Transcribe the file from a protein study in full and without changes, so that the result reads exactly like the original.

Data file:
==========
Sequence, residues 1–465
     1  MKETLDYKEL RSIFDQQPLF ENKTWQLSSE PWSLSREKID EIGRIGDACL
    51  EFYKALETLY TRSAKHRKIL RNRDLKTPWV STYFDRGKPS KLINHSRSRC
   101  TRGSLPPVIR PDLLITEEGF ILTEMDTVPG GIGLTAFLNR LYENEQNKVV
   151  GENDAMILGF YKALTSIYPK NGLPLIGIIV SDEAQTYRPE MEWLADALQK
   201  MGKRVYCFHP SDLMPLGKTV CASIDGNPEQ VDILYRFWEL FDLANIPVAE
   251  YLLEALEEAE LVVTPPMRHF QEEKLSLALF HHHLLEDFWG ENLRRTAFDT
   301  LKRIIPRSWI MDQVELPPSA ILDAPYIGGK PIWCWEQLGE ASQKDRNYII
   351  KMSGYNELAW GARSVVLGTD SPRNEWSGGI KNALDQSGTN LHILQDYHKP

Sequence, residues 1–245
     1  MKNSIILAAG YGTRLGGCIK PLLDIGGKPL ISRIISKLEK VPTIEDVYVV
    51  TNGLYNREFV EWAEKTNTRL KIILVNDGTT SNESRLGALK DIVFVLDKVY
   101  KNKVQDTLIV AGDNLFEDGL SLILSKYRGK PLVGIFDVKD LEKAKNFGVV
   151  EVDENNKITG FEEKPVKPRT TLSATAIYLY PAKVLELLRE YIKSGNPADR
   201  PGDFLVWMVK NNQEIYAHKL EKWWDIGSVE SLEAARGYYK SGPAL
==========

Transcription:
Sequence, residues 1–465
     1  MKETLDYKEL RSIFDQQPLF ENKTWQLSSE PWSLSREKID EIGRIGDACL
    51  EFYKALETLY TRSAKHRKIL RNRDLKTPWV STYFDRGKPS KLINHSRSRC
   101  TRGSLPPVIR PDLLITEEGF ILTEMDTVPG GIGLTAFLNR LYENEQNKVV
   151  GENDAMILGF YKALTSIYPK NGLPLIGIIV SDEAQTYRPE MEWLADALQK
   201  MGKRVYCFHP SDLMPLGKTV CASIDGNPEQ VDILYRFWEL FDLANIPVAE
   251  YLLEALEEAE LVVTPPMRHF QEEKLSLALF HHHLLEDFWG ENLRRTAFDT
   301  LKRIIPRSWI MDQVELPPSA ILDAPYIGGK PIWCWEQLGE ASQKDRNYII
   351  KMSGYNELAW GARSVVLGTD SPRNEWSGGI KNALDQSGTN LHILQDYHKP

Sequence, residues 1–245
     1  MKNSIILAAG YGTRLGGCIK PLLDIGGKPL ISRIISKLEK VPTIEDVYVV
    51  TNGLYNREFV EWAEKTNTRL KIILVNDGTT SNESRLGALK DIVFVLDKVY
   101  KNKVQDTLIV AGDNLFEDGL SLILSKYRGK PLVGIFDVKD LEKAKNFGVV
   151  EVDENNKITG FEEKPVKPRT TLSATAIYLY PAKVLELLRE YIKSGNPADR
   201  PGDFLVWMVK NNQEIYAHKL EKWWDIGSVE SLEAARGYYK SGPAL